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When designing filters, engineers very often need to know what the filtered value at the output will be. This is especially important for variable switching power supplies operating at different duty cycles. The analysis presented here discusses the calculation of the filtered output for RC filters, which are common in feedback circuits, current transformers, output devices, and other circuits. However, the analysis easily can be extended to other kinds of filters.
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It’s well known that for rectangular-pulse inputs the rms values of the unfiltered output parameters, like voltage and current, are proportional to the square root of a duty cycle. But the designer of a feedback filter for a switching power supply must consider that the filter output is not an rms value but rather proportional to the pulse’s duty cycle. You can adjust the filter’s parameters to obtain an rms value, but it would be valid only for one duty-cycle value.
The analysis employs several assumptions:
• The filter works in a continuous-conduction mode, which means the filter’s time constant is much greater than the pulse’s repetition rate (period).
• The filter capacitor’s charge and discharge time constants are the same. That means the impedance sourcing signal to the filter is much lower than the filter resistance and the filter’s load impedance is much higher than the filter’s resistance, which you can easily obtain by using an operational amplifier as a decoupling component.
• The filter’s voltage grows in exponential steps (charging and discharging) that become smaller as the output voltage approaches its limit value.
• The filter is loaded with an impedance that is so high that it can be ignored.
We did the analysis with MathCAD 15, and anyone with the appropriate license can reproduce the results.
The expressions for the nth values of the filtered voltage’s maximum, Vh, and minimum, Vlow, are:
where τ is the filter’s time constant and τ1 is the pulse duration (Fig. 1).
For simplicity, define:
τ1 = DT (6)
where D is the duty cycle of the input pulse train;
τ = kT (7)
where k is the number of periods for the filter time constant. So Equations 1 and 2 become:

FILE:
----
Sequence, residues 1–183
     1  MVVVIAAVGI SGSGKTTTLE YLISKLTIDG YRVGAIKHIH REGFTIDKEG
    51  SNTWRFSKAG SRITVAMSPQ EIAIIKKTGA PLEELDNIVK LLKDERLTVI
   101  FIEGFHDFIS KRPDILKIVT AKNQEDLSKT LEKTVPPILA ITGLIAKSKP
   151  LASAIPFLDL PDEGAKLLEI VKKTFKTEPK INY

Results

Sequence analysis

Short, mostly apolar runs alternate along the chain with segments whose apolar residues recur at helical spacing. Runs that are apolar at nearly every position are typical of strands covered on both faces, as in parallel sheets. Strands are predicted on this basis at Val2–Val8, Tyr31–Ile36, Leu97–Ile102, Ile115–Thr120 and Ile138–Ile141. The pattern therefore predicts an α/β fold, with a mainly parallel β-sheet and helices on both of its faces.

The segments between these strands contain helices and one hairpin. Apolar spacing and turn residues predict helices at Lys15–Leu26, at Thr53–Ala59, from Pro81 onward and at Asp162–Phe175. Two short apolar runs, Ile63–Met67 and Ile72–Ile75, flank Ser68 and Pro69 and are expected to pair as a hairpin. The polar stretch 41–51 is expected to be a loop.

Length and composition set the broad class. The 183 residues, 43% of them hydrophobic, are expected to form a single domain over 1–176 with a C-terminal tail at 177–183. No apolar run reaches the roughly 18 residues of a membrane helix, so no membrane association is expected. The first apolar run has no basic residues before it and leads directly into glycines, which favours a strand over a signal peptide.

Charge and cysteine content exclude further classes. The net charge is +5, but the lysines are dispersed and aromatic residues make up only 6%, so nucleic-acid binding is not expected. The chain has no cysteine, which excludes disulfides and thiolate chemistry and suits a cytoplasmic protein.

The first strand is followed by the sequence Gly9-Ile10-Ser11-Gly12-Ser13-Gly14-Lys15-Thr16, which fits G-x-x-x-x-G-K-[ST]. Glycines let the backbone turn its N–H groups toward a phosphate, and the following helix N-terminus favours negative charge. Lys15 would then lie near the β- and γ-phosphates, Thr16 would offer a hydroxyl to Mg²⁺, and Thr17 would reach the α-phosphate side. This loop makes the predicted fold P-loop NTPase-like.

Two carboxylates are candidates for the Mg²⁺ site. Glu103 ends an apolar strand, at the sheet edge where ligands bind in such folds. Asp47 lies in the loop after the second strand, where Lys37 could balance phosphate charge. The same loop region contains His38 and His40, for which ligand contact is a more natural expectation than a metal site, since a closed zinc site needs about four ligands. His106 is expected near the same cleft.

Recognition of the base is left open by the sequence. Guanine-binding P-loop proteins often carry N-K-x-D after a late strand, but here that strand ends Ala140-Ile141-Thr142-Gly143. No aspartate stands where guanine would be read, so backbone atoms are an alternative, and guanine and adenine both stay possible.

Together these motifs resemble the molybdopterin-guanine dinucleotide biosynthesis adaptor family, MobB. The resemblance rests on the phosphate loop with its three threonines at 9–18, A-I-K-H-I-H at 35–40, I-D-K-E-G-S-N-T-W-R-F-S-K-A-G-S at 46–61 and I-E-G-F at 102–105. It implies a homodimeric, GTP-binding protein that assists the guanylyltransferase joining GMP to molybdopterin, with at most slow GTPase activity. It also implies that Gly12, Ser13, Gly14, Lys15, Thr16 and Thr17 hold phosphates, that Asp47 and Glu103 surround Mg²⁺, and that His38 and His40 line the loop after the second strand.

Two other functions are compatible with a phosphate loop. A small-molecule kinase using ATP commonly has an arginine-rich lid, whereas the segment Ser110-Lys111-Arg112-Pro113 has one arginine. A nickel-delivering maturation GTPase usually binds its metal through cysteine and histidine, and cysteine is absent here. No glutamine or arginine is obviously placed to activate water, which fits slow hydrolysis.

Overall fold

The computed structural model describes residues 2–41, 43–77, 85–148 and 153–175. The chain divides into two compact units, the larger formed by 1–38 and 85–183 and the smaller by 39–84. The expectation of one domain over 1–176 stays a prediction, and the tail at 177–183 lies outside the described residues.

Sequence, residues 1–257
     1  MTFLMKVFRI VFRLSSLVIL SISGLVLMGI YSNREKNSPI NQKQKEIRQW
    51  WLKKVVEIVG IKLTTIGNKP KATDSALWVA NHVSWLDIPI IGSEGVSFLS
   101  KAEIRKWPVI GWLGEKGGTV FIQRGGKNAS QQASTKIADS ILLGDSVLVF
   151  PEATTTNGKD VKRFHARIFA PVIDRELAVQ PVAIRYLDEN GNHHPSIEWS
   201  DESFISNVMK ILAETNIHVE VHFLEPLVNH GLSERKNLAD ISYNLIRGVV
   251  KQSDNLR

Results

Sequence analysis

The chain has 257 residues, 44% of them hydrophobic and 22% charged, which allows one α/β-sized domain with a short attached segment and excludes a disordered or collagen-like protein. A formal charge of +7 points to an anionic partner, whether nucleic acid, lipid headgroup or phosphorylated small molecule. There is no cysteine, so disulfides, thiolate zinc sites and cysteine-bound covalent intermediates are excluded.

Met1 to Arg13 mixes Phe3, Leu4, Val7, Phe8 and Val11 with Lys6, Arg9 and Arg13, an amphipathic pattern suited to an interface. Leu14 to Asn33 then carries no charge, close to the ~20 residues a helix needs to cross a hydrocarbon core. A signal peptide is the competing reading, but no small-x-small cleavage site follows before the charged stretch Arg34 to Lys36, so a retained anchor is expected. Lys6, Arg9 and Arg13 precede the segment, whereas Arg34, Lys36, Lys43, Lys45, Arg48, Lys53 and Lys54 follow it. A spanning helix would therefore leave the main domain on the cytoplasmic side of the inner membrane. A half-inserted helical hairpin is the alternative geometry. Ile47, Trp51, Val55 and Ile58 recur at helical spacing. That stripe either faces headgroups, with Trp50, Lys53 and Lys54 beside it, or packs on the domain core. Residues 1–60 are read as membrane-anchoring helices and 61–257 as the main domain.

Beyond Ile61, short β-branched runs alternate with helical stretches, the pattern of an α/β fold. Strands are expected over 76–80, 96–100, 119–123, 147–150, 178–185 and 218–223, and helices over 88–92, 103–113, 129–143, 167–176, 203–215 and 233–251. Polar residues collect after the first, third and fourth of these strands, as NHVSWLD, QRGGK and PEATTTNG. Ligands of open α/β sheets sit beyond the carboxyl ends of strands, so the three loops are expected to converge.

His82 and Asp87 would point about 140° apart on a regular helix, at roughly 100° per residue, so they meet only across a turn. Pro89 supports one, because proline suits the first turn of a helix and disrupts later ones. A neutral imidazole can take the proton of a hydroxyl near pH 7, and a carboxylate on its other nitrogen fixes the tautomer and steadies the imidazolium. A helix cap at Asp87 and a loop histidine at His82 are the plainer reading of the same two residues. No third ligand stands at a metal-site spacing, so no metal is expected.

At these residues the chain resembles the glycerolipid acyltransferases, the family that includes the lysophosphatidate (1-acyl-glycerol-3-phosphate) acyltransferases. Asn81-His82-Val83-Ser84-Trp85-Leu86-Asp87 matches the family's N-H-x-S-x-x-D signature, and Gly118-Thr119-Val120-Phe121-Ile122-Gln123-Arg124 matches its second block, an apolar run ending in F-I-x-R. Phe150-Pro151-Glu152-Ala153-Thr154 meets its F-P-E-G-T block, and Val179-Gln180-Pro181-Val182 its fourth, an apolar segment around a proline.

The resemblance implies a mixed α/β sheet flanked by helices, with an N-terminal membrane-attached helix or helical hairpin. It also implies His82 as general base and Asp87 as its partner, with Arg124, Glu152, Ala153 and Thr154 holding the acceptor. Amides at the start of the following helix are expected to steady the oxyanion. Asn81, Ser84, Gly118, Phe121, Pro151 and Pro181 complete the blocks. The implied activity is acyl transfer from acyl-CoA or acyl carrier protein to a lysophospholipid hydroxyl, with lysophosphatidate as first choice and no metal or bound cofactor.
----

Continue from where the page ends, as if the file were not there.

Vhn = VAβ +Vlownγ (8)
Vlown = Vh(n–1)α (9)
To derive the equation for the limit value of the filter output, you must use the recurrent equations for the low and high values and calculate the average, which is based on the initial parameters only. The equations for six high/low pairs are:
Vh0 = VAβ
Vlow0 = 0
Vh1 = VAβ(γα + 1)
Vlow1 = VAβα
Vh2 = VAβ(γ2α2 + γα + 1)
Vlow2 = VAβα(γα + 1)
Vh3 = VAβ(γ3α3 + γ2α2 + γα + 1)
Vlow3 = VAβα(γ2α2 + γα + 1)
Vh4 = VAβ(γ4α4 + γ3α3 + γ2α2 + γα + 1)
Vlow4 = VAβα(γ3α3 + γ2α2 + γα + 1)
Vh5 = VAβ(γ5α5 + γ4α4 + γ3α3 + γ2α2 + γα + 1)
Vlow5 = VAβα(γ4α4 + γ3α3 + γ2α2 + γα + 1)
Note from the above equations that:
The average for the output voltage is:
You can calculate the limit for the normalized output voltage using MathCAD tools:
(See the derivation of Equations 13 and 14 in “Normalized Output Voltage Limit Derivation,” below.)
Equation 14 is a transcendent equation with two variables, which is hard to solve symbolically. But you can find the limit value graphically by fixing the value of k and plotting the limit as a function of the duty cycle, D. If k = 100.0:
A plot of this function shows that the limit of the normalized RC filter output is the duty cycle, D (Fig. 2).
To create an example, assign values to the variables in Figure 1:
VA = 1 V
D = 0.6
T = 20 µs
τ1 = DT
k = 50
τ = kT
α = e–(T – τ1)/τ = 0.992
β = 1 – e–τ1/τ = 0.012
τ = e–τ1/τ = 0.988
To plot the graph for the limit, assign n = 1…400. Then:
Figure 3 shows the resulting plot.
Gregory Mirsky is a principal electrical engineer at Atlas Materials Testing Company. He holds an MS from the St. Petersburg Baltic Technical University, Russia, and a PhD from the Moscow State Pedagogical University.
NORMALIZED OUTPUT VOLTAGE LIMIT DERIVATION
Equation 12 can be interpreted as:
Its solution is:
Only the lower expression is of interest:
Its solution is:
Again, only the lower expression is of interest:
which can be converted into Equation 13.